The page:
Contractor Mortgage Guide

13th September 2016

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One of the biggest concerns for contractors is securing credit and, in particular, applying for a mortgage. 

Mortgage applications are less straightforward for contractors than for employees, who can provide evidence of a steady, stable income. As a contractor, you may need to provide more information to verify your income and to convince the mortgage lender of your credit stability. 

Here are our top tips for ensuring you can still apply for a mortgage, regardless of your employment status:

Decide how much you can borrow

The amount you can borrow is related to your income, and can be calculated using an online mortgage calculator. Provide a realistic measure of your annual earnings – don’t overestimate the amount you can borrow, or try to be too ambitious about the size of mortgage you are looking for. Banks aren’t willing to lend money to those they think cannot afford it, so make sure you have reasonable expectations about the amount of money you could borrow. 

Halifax allows you to use your day rate to calculate an annual income as long as you have been contracting in the same industry for several years and plan to continue doing so. 

Most banks will need at least two or three years’ worth of accounts to assess your income level. If you are just starting out contracting, the truth is, it will be very difficult to get a mortgage. Whilst minimising your salary will help reduce your tax liabilities, your mortgage eligibility will be tested based on your income level. So think ahead and balance the two out.

Stress test your application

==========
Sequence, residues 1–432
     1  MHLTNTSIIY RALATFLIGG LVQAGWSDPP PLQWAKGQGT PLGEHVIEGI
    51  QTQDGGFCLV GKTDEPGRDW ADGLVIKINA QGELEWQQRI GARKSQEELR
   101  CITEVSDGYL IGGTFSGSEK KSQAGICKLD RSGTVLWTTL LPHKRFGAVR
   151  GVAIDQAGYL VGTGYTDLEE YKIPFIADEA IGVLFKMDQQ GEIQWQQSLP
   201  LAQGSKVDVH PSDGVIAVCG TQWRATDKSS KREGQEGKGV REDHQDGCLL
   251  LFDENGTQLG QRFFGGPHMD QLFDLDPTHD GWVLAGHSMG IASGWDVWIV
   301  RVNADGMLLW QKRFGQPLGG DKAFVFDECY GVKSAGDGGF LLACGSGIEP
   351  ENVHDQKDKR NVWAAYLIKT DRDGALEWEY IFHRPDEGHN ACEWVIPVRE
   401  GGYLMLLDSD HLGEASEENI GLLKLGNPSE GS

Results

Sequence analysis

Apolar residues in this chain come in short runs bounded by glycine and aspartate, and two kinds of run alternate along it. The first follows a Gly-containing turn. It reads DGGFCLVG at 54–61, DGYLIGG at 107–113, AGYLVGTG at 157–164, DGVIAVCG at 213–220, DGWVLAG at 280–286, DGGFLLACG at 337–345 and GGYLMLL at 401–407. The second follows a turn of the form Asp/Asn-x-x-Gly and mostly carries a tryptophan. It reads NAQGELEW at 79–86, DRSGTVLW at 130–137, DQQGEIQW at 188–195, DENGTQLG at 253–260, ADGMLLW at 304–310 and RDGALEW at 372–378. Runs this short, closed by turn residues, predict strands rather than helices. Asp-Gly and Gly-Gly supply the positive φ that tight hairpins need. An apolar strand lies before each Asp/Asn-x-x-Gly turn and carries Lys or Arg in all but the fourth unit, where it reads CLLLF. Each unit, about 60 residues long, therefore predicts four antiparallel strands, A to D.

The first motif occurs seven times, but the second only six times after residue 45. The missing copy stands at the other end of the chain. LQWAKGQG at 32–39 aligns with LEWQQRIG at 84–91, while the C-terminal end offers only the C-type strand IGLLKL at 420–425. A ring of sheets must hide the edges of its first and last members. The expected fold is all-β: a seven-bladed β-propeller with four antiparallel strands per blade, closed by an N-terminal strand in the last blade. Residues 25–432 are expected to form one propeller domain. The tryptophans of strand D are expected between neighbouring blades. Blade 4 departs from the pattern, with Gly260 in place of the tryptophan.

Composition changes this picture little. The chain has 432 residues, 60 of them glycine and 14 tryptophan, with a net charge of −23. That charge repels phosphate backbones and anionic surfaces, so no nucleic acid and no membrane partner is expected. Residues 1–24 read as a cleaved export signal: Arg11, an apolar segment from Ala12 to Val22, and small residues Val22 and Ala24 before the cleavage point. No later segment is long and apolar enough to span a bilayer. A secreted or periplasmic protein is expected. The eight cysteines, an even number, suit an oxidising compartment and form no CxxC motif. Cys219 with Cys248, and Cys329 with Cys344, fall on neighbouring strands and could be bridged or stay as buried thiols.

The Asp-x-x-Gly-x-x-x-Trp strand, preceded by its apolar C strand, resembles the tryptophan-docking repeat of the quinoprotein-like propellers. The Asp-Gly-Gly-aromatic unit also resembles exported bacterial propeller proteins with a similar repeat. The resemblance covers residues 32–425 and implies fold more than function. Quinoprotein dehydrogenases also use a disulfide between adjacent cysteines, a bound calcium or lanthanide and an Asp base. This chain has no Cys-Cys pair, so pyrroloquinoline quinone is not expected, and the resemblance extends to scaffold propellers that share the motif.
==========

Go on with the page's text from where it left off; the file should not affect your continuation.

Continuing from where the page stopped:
This step is often overlooked, but is essential for contractors looking to take out a mortgage. Interest rates can jump about over the course of your mortgage, causing you to have to pay more or less in mortgage interest, depending on the type of mortgage agreement you have in place.

With interest rates of up to 5%, can you still afford your mortgage payments? 

While interest rates remains at historically low levels now, there are no guarantees this will always be the case. By applying different scenarios to your calculations, you can work out whether you could continue to afford your mortgage throughout the duration of your repayment term.

Tidy up your credit profile

Your credit profile and overall credit score are used as important gauges of your creditworthiness. As a contractor, you simply can’t afford to be applying for a mortgage with black marks on your record, and you need to fix any issues with your credit profile before applying.

Remember that searches on your credit profile will themselves be visible to other lenders, and too many applications in a short period of time can damage your perceived creditworthiness. 

Make sure you are paying debt off, and that you are making repayments on time across the board. A low credit score coupled with your self-employed or contractor employment status is likely to make it difficult to secure the mortgage you need.

Gather appropriate documentation

Banks and other lenders need to see documentation to support your application. For most, this would be in the form of identification cards and passports, payslips and perhaps bank statements. 

For contractors, you may also have to show accounts, CV, contracts, or other financial records proving your income over a period of time that will convince the lender of your ability to meet long-term repayments.